He or she helps eliminate the learning curve, manages the broker’s voluntary benefits strategy, and handles the administrative details. The Wingman also helps identify opportunities in the broker’s existing book of business and then assists the broker in presenting voluntary benefits options to clients, enrolling employees, and servicing the business. In essence, the Wingman spearheads the creation of a voluntary benefits practice within the brokerage, at no cost to the firm.

“We created the Wingman program to help brokers who told us they were eager to move into the voluntary space but needed to be educated,” Niziak explains. “They wanted to know what kinds of resources we could provide. With Wingman, a voluntary benefits unit basically becomes an extension of the agency or brokerage. The Wingman can educate the broker’s staff on voluntary concepts and products, go on prospecting and sales calls with the broker, and manage enrollment. Brokers see this as a fabulous opportunity for them because they want to make sure that their team is educated and understands the business in terms of product offerings and service.”

Voluntary benefits represent a particularly attractive opportunity for property/casualty agents and brokers, Niziak observes. “P&C brokers are working with their clients to manage risk, and they see where voluntary aids in that effort.”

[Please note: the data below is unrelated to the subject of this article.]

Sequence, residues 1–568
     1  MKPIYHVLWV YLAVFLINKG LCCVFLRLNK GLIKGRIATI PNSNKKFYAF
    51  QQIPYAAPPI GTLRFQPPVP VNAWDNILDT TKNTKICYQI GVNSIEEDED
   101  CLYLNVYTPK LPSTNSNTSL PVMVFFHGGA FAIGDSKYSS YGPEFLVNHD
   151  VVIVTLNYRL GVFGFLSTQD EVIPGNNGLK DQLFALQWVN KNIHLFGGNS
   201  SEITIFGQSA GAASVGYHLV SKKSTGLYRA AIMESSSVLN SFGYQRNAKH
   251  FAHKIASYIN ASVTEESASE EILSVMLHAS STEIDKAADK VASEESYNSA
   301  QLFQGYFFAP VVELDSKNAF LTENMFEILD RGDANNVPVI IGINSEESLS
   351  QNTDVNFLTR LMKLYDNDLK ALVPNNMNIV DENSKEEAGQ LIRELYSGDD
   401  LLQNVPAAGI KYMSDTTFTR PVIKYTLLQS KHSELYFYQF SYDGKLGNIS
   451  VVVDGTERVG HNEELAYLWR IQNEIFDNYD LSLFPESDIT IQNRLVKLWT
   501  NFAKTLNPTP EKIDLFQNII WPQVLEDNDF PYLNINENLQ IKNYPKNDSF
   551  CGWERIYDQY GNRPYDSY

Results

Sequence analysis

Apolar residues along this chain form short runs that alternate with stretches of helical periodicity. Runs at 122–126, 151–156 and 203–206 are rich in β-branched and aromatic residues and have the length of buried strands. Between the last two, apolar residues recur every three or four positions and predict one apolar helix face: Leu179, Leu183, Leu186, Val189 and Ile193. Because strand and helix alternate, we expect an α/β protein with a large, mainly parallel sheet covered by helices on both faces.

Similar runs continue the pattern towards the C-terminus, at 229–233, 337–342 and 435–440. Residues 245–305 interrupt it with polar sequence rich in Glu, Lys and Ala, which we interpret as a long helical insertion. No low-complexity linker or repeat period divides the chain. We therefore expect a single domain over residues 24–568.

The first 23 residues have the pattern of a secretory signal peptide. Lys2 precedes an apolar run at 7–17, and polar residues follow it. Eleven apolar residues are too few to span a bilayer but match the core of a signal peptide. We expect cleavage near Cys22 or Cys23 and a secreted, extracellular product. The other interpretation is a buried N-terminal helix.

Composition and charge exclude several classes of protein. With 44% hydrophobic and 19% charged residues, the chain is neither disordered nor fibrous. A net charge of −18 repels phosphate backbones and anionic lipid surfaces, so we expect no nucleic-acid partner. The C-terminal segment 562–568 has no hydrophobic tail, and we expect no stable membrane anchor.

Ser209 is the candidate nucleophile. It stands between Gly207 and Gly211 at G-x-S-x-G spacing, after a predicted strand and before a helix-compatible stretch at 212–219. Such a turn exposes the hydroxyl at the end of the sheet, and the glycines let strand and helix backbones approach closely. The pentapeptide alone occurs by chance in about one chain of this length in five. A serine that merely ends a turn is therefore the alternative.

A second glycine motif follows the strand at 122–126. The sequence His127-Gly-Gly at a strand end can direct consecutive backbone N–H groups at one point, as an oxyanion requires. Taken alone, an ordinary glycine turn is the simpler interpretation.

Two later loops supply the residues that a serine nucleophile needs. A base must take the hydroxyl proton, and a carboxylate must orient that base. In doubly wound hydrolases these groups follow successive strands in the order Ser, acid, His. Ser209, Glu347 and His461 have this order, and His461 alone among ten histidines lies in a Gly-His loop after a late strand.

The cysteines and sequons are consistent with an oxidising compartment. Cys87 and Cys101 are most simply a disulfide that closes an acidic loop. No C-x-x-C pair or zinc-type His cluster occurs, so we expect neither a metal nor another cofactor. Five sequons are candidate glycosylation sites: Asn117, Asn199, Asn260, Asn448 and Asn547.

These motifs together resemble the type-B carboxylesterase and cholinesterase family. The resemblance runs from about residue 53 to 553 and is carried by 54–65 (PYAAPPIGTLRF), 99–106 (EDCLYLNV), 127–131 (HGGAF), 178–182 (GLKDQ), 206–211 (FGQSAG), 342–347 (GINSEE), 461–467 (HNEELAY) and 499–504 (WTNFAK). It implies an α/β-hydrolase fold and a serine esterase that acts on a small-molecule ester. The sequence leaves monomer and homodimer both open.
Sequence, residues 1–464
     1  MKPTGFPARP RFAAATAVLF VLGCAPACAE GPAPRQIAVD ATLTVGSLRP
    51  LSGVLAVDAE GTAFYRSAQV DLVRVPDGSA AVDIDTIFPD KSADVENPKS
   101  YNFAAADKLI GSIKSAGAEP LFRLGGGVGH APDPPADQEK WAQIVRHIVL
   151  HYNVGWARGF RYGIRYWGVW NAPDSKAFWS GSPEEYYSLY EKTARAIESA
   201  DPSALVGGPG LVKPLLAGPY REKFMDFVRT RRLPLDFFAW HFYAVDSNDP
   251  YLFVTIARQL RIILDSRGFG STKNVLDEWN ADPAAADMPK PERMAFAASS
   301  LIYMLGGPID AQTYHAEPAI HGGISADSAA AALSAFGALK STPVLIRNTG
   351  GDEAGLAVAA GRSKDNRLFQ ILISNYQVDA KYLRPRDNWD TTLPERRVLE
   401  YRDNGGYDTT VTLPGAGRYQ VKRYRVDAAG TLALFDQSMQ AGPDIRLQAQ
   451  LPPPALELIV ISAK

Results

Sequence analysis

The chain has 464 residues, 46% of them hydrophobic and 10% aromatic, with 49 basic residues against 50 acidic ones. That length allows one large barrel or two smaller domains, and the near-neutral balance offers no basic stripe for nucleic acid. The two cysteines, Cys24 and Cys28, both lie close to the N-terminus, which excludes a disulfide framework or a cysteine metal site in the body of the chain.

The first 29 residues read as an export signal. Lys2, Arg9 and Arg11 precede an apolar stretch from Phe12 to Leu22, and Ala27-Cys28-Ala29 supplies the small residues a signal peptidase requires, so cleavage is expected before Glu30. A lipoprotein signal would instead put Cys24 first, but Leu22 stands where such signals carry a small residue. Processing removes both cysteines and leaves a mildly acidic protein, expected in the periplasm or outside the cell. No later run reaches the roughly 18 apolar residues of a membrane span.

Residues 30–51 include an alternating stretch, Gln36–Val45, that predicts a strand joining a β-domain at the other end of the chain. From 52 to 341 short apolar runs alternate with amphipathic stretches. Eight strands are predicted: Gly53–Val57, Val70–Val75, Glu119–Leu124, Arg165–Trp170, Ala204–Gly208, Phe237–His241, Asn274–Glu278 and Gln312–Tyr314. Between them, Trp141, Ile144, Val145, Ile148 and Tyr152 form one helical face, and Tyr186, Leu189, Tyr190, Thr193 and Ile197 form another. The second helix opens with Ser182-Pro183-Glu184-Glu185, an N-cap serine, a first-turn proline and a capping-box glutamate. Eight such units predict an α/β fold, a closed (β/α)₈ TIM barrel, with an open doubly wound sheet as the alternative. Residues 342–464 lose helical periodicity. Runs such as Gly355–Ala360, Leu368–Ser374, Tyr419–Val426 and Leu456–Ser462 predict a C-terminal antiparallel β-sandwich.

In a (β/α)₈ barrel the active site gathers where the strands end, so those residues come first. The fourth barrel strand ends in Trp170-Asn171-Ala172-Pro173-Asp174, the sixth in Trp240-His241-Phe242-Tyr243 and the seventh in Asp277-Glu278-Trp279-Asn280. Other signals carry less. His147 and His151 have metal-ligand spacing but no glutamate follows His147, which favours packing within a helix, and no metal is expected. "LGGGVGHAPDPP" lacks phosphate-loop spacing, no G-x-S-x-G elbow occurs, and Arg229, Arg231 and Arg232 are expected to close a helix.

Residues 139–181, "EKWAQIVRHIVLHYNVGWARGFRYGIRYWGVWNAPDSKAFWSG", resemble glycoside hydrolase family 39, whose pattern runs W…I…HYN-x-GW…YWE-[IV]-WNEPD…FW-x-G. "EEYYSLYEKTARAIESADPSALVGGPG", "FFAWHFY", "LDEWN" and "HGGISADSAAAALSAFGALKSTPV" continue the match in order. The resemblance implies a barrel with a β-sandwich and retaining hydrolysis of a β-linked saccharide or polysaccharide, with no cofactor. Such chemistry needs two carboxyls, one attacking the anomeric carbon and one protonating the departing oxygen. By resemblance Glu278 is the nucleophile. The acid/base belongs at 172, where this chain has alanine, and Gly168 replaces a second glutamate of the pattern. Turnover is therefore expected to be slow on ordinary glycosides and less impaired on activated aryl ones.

Before the Wingman enters the broker’s office, Niziak says, the broker must obtain buy-in from his or her team and build support for the launch of a voluntary benefits operation. “The Wingman can be an effective resource in numerous ways, but it’s up to the broker to create enthusiasm among the team so that the Wingman can show them how to maximize opportunities in voluntary,” he declares.

To bring a Wingman into his or her office, a broker need not have or place all voluntary business with Aflac. “Obviously we’d like to be the broker’s first choice, but he or she is free to place business with any market,” Niziak says. Aflac also will work with a broker to build a book of voluntary business from the ground up. “We have no volume requirements or quotas,” Niziak emphasizes. “To us, the most important factor is that the broker act as a champion for the Wingman program within his or her firm.”